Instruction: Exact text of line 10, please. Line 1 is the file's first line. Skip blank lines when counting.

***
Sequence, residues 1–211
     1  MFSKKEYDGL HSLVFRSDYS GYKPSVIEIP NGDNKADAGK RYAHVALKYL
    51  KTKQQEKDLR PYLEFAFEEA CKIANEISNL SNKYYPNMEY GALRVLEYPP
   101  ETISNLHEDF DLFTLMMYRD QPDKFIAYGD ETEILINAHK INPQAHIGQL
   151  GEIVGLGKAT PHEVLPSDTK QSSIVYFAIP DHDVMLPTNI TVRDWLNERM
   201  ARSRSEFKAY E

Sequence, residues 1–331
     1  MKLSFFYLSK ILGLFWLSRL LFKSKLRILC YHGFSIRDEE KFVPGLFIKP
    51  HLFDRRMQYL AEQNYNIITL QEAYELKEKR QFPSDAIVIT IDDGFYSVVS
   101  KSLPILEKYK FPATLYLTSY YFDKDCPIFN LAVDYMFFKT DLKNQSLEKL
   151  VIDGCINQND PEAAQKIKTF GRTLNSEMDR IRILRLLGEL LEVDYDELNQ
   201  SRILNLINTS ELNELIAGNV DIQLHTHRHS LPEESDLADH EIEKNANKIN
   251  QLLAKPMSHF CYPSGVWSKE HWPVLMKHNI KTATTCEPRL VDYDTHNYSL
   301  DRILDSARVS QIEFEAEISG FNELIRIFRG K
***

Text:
   101  KSLPILEKYK FPATLYLTSY YFDKDCPIFN LAVDYMFFKT DLKNQSLEKL